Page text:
The Ancient History
of the Surname
The history of
the most ancient Anglo/Saxon surname of Hardiment reaches far into
the chronicles of the Saxon race. The Saxon Chronicle, compiled by
monks in the 10th century, now reposes in the British Museum.
researches have examined reproductions of such ancient manuscripts
as the Doomsday Book (1086), the Ragman Rolls (1291-1296), the Curia
Regis Rolls, The Pipe Rolls, the Hearth Rolls, parish registers,
babtismals, tax records and other ancient documents. They found the
first record of the name Hardiment in Lancashire where they were
seated from Very ancient times, some say well before the Noman
Conquest and the arrival of Duke William of Hastings in 1066 A.D.
spellings were encountered in the research of your surname.
Throughout the centuries your name, Hardiment, occurred in many
records, manuscripts and documents. but not always with your exact
spelling. From time to time the surname included the spellings
Hardman, Hardiman, Hardyman, and these variations in spelling
frequently occurred even between father and as Scribes and church
officials often travelling great distances, even from other
countries, frequently spelt the names phonetically. As a result the
same person would be recorded differently on birth, baptismal
marriage and death certificates as well as the other numerous
records, recording life's events.
The Saxon race
gave birth to many English surnames not the least of which was the
surname Hardiment, The Saxons were invited into England by the
ancient Britons of the 4th century. A fair skinned people their home
was the Rhine valley some as far north east as Denmark. They were
led by two brothers, General/Commander Hengist and Horsa The Saxons
settled in the county of Kent, on the south east coast of England.
Gradually they spread north and westward, and during the next four
hundred years forced the ancient Britons back into Wales and
Cornwall in the west, and Cumberland to the north. The Angles
occupied the eastern coast the south folk in Suffolk, north folk in
Norfolk. Under Saxon rule England. prospered under a series of High
Kings, the last of which was Harold.
In 1066, the
Norman's invaded From France and were victorious at the Battle of
Hastings In 1070, Duke William took on army of 40,000 north and
wasted the northern countries, forcing many rebellious Norman nobles
and Saxons to flee over the border into Scotland. Meanwhile the
Saxons who remained in the south were not treated well under hostile
Noman rule, and they also moved northward to the midlands,
Lancashire and Yorkshire away from the Noman oppression.
this notable English family name, Hardiment, emerged as an
influential name in the county of Lancashire where they were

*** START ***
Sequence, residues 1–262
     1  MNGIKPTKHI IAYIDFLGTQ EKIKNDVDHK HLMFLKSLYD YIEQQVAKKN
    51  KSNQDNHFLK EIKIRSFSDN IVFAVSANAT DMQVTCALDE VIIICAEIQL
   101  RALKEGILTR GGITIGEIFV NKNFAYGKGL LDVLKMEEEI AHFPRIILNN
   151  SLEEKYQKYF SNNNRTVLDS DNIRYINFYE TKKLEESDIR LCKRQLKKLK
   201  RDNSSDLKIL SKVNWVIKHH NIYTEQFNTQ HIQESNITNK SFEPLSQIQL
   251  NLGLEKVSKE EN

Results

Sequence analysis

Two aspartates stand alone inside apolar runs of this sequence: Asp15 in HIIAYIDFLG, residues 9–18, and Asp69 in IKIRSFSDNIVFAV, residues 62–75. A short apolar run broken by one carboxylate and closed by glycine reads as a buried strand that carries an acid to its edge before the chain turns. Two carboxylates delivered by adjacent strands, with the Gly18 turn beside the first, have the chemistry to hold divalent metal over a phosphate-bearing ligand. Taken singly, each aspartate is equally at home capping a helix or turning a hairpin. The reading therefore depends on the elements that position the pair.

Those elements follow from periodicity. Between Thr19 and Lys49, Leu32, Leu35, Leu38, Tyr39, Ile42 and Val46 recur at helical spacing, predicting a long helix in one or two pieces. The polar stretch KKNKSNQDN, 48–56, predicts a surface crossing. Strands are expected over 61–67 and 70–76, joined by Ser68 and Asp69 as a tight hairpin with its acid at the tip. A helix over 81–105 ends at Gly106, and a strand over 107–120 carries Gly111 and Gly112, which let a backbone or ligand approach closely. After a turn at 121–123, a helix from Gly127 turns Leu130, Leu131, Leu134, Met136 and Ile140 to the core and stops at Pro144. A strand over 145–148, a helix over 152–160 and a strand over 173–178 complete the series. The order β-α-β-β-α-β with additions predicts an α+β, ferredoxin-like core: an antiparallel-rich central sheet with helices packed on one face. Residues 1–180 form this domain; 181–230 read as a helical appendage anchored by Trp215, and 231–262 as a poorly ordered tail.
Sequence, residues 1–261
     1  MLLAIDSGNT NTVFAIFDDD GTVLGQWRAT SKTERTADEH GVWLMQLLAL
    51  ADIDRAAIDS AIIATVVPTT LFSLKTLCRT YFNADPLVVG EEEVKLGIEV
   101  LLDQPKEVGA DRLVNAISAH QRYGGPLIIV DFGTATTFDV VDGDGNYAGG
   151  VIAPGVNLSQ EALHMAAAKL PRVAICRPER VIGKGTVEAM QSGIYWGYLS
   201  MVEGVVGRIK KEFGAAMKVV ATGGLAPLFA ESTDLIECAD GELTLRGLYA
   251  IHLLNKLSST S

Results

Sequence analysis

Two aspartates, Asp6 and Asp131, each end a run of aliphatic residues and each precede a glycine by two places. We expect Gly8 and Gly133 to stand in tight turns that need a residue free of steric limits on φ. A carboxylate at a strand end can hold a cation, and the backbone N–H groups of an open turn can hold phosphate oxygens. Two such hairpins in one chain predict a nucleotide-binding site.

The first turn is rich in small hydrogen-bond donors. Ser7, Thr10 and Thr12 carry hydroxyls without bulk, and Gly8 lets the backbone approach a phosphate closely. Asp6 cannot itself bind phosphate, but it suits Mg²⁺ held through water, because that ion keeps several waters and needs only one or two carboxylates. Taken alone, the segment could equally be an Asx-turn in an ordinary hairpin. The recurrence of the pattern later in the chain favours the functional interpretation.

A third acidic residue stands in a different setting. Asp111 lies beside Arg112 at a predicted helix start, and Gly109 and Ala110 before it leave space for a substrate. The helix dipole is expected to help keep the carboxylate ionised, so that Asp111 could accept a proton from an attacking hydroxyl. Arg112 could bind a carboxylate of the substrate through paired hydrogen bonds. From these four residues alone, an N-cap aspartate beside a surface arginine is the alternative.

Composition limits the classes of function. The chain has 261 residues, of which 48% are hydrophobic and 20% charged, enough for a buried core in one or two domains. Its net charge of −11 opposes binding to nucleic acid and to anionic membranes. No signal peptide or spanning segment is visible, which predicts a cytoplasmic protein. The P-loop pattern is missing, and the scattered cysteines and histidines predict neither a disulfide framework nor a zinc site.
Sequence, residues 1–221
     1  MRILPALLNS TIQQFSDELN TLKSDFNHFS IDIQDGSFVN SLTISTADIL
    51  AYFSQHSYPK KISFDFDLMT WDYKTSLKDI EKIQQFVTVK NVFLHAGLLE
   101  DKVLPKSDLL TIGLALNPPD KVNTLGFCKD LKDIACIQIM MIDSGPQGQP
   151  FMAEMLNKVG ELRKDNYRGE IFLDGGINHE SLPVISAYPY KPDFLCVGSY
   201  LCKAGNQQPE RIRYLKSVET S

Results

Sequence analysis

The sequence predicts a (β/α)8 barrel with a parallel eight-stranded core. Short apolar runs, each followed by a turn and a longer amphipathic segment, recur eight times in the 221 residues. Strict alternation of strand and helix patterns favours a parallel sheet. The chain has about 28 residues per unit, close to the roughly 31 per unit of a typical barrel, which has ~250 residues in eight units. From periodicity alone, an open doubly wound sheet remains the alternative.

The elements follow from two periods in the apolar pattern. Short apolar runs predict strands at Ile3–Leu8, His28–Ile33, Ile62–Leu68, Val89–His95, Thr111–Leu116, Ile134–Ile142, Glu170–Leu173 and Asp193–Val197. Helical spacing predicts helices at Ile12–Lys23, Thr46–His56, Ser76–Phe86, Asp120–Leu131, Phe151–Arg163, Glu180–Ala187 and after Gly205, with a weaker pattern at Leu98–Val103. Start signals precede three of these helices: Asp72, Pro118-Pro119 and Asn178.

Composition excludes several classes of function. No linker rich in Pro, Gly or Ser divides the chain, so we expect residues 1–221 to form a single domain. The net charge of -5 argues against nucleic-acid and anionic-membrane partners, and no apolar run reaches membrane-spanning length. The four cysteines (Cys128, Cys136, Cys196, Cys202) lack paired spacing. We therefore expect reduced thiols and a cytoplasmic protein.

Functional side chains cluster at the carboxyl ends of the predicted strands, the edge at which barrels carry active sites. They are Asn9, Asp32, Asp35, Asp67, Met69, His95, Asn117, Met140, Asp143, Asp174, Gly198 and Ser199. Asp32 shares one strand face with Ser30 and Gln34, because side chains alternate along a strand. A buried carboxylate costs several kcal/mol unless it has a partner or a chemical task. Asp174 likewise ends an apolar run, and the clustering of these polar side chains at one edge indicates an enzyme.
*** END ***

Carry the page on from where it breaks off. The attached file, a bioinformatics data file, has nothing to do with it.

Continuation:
recorded as a family of great antiquity seated at Liverpool with
manor and estates in that shire. The family branched to Rochdale in
early times, and later branched south to Suffolk and Norfolk. The
family flourished for several centuries intermarrying with the
distinguished families of the area. Notable amongst the family at
this time was Hardman of Lancashire.
Hardiment flourished during the turbulent middle ages, contributing
greatly to the cultural development of England. During the 15th,
16th, 17th and 18th centuries England. was ravaged by plagues,
famine, and religious conflict. Protestantism, the newly found
political fervour of Cromwellianism and democratic government, and
the remnants of the Roman Church rejected all non believers, each
jealously claiming adherents to their own cause. The changing rule
caused burnings, hangings and banishments of all sects and creeds,
first one then another. Many families were freely 'encouraged' to
migrate to Ireland, or to the 'colonies'. Some were rewarded with
grants of lands, others were banished.
were forced to migrate to Ireland where they become known as the
'Adventurers for land in Ireland'. Protestant settlers 'undertook'
to keep their faith, being granted lands previously owned by the
Catholic Irish In Ireland they settled in county Meath where the
name was changed to Herdeman, and they created Herdmanstown.
The New World
offered better opportunities and some migrated voluntarily some were
banished mostly for religious reasons. Some left Ireland
disillusioned with promises unfulfilled, but many left directly from
England. their home territories. Some also moved to the European
Members of the
family name Hardiment sailed aboard the huge armada of three masted
sailing ships known as the 'White Sails' which plied the stormy
Atlantic. These overcrowded ships such as the Hector, the Dove and
the Rambler, were pestilence ridden, sometimes 30% to 40% of the
passenger list never reaching their destination, their numbers
reduced by dysentery cholera, small pox and typhoid.
first settlers in North America, which could be considered a kinsman
of the surname Hardiment or a variable spelling of that family name
was John Hardeman settled in the Barbados in 1685; Edward Hardman
arrived in Pennsylvania in 1698; Phillip Hardman arrived in
Pennsylvania in 1772; Edward, John, Michael, Richard, Thomas and
William Hardman all arrived in Philadelphia between 1820 and 1840.
From the port
of entry many settlers made their way west, joining the wagon trains
to the prairies or to the west coast. during the American War of
Independence, many loyalists made their way north to Canada about
1790, and became known as the United Empire Loyalists.
notables of this surname Hardiment include many distinguished
contributors; David Hardman Administrator; Amy Hardman Air Chief
Marshall Sir Donald Hardman Sir Henry Hardman of Covent Garden.
course of cur research we also determined the many Coat of Arms
granted to different branches of the family name.
ancient grant of a Coat of Arms found was;
Red and Gold
with three lion between two fleur de lis on a silver stripe at the
A hand holding a rose.